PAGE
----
What to do in Larry tonight, Friday edition
The Art House is a new joint venture between Matt Christenot and John Flynn (co-owner of Mass Street Music) and two other partners. Tonight they’ll be hosting a grand-opening party with food, drinks, info, and tours of the building. Currently the Art House is hosting a recording studio, one visual artist, a filmmaker, and Eric Mardis from Split Lip Rayfield.
A night of singer-songwriters, hosted by Fast Johnny Ricker with performances by Daniel Quin Shay, Preston Girard, Rayyan Kamal and more. $5 donation at the door, full bar and concessions available.
Pat Green sold more than 200,000 independently released records (a Miller Lite sponsorship didn’t hurt) before hooking up with major labels and trying to bust through the mainstream. A legitimate star in Texas who has sold out the Astrodome, Green toes the line between contemporary country and modern rock. Robert Earl Keen fans dig his Texas troubadour vibes, but Green’s proletariat appeal is universal enough that even Dave Matthews has brought him aboard for a few tour dates. He’ll join fellow Mellencamp-worshipper Cory Morrow for the second of back-to-back rowdy nights at the Granada.
Ben Miller‘s melting-pot take on “homespun, homemade people music” begins with Charlie Patton and Bukka White and runs all the way though Nirvana and Beck. He’s been known to pull “Heart Shaped Box” out of his back pocket when the occasion strikes, though his version is built on minor-key Appalachian banjo frailing. There are no set lists when Miller rolls through town with his band mates Doug Dicharry (on drums, washboard, and trombone) and Scott Leeper (on washtub bass) – but you can count on a whoopin’ good time.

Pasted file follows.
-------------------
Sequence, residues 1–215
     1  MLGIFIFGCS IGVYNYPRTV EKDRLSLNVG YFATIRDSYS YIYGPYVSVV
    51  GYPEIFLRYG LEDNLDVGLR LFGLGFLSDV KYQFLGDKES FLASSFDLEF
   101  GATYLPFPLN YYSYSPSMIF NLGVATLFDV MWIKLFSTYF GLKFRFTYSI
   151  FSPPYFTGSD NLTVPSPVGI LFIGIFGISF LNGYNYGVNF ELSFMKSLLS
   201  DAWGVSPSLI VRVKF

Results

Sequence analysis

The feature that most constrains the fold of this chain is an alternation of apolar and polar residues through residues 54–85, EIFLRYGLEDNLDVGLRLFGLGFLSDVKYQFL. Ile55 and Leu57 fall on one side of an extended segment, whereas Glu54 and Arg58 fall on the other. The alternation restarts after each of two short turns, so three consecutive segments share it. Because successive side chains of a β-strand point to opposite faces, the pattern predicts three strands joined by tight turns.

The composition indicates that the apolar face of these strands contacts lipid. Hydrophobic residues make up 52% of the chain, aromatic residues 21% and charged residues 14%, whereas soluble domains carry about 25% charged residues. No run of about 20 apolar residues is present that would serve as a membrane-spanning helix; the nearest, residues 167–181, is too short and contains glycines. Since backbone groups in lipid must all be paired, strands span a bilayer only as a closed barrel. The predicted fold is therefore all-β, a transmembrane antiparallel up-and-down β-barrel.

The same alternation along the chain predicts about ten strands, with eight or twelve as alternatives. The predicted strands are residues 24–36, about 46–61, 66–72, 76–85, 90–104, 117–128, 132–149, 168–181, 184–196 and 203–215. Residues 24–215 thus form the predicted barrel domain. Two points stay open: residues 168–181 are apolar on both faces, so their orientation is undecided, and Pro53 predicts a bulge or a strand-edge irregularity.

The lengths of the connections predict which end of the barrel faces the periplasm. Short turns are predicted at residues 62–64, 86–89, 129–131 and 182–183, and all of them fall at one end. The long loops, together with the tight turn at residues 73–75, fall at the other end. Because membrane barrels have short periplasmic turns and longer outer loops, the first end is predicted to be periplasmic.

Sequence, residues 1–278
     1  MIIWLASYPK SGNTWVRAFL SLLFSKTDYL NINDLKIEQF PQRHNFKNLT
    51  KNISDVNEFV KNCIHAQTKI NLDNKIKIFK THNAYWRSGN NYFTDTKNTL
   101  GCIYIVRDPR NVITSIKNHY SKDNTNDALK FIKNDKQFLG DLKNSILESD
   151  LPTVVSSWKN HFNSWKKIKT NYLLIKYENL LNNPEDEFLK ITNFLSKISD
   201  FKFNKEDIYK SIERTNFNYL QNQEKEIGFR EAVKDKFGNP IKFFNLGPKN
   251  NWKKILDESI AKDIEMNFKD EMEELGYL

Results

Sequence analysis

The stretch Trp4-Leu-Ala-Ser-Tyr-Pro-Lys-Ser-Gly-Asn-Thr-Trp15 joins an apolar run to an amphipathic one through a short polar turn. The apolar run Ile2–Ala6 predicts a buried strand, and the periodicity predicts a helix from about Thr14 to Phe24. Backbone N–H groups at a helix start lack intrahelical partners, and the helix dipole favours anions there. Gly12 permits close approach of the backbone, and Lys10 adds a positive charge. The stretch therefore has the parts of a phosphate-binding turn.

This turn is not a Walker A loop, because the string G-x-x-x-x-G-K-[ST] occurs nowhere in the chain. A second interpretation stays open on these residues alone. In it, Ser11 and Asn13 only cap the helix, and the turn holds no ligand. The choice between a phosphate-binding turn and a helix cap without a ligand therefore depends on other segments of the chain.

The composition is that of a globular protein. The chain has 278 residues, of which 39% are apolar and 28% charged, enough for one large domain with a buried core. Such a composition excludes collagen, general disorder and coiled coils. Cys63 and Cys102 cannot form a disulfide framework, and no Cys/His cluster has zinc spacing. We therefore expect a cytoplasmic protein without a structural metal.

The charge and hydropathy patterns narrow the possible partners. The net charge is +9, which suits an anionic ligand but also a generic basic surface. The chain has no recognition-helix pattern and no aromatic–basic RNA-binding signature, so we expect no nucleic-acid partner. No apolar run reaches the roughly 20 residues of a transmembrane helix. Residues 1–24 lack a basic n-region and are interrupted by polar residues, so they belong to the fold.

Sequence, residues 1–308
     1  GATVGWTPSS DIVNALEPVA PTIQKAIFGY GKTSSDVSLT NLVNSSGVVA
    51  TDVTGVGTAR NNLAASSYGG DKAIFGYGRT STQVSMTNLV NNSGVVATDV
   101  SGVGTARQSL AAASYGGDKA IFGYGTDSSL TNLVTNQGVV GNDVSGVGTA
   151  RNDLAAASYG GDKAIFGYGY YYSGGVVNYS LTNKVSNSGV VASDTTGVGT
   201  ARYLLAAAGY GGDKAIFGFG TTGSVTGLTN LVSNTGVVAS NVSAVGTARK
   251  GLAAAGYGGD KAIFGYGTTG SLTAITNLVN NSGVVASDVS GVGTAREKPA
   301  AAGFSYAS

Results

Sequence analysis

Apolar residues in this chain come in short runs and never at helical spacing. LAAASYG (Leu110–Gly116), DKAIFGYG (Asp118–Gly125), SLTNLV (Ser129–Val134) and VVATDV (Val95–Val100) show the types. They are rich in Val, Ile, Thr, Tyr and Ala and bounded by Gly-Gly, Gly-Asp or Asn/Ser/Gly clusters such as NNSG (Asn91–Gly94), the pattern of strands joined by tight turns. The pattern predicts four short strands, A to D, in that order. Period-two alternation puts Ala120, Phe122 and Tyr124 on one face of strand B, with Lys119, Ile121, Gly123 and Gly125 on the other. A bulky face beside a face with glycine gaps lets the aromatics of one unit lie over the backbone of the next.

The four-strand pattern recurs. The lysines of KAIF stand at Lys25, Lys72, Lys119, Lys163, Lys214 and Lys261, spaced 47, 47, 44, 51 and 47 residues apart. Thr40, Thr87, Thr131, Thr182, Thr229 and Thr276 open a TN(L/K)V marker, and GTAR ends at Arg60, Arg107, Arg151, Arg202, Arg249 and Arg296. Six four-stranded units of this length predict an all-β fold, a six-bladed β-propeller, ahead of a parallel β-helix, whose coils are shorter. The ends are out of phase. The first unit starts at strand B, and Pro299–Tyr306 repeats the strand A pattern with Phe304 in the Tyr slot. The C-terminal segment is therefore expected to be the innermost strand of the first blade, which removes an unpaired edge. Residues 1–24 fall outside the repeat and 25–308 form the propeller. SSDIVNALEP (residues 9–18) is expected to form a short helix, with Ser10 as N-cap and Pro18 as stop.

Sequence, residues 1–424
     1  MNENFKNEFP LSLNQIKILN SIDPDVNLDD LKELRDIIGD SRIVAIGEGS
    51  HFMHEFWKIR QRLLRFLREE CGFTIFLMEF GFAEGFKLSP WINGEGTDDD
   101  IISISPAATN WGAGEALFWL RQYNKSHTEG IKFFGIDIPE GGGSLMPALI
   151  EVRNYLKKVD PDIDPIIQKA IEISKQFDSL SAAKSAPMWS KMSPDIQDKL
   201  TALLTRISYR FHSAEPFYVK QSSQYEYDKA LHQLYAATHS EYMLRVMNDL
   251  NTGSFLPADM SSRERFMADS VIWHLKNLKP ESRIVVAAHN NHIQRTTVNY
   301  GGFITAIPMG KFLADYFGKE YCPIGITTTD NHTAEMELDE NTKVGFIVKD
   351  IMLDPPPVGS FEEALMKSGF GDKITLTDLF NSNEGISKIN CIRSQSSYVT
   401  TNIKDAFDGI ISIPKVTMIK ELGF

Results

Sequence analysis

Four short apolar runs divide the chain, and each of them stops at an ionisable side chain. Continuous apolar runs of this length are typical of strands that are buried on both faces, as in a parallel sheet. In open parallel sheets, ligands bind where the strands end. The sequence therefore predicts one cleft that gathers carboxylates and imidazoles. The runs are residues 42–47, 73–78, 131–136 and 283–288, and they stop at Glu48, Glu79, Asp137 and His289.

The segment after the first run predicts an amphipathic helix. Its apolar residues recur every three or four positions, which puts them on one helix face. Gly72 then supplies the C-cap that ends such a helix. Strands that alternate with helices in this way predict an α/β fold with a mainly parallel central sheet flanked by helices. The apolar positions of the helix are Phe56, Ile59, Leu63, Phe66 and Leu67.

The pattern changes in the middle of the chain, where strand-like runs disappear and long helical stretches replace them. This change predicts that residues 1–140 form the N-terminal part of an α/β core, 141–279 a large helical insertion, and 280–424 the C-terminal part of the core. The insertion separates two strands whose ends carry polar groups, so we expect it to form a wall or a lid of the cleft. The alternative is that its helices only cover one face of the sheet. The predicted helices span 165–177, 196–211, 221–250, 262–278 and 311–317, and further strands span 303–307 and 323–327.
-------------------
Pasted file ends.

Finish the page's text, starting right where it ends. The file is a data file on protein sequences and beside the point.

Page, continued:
AA Bondy‘s sublime delta-folk made for an impressive solo debut on 2007’s “American Hearts” and an even better follow-up on 2009’s “When the Devil’s Loose.” Now aligned with Fat Possum Records, the former frontman of Verbena has made a new name for himself with simple yet exquisite songs that recall old geezers like Bob Dylan and young bucks like Bon Iver. If you’ve got a soft spot for slow and haunting numbers, find a comfy barstool and plop yourself down with Bondy and a pitcher of beer that pours like molasses.
Lawrence funk/dance combo Mouth celebrates its first birthday with a night of heavy bass, deep grooves and dance rhythms from house, hip-hop, funk and reggae and more. Special guests will include Rocket Science and emcee Reach.
And new in movies…
Poverty is ugly. Sometimes we need to be reminded of that. “Precious,” the brutal and unflinching film based on the novel “Push” by Sapphire, gives us neediness at its ugliest. This is what the bottom looks like, these are some of the reasons people are there and here is hope that humanity can shine through.
Edge of Darkness
Mel Gibson plays a humble police detective who goes on a mission of vengeance when his daughter is killed. The wildness and fire that once exploded unpredictably from Gibson is dimmed after several hard years for the actor. But he fits well in “Darkness.” Perhaps, though, crusades needn’t always be a bloodbath.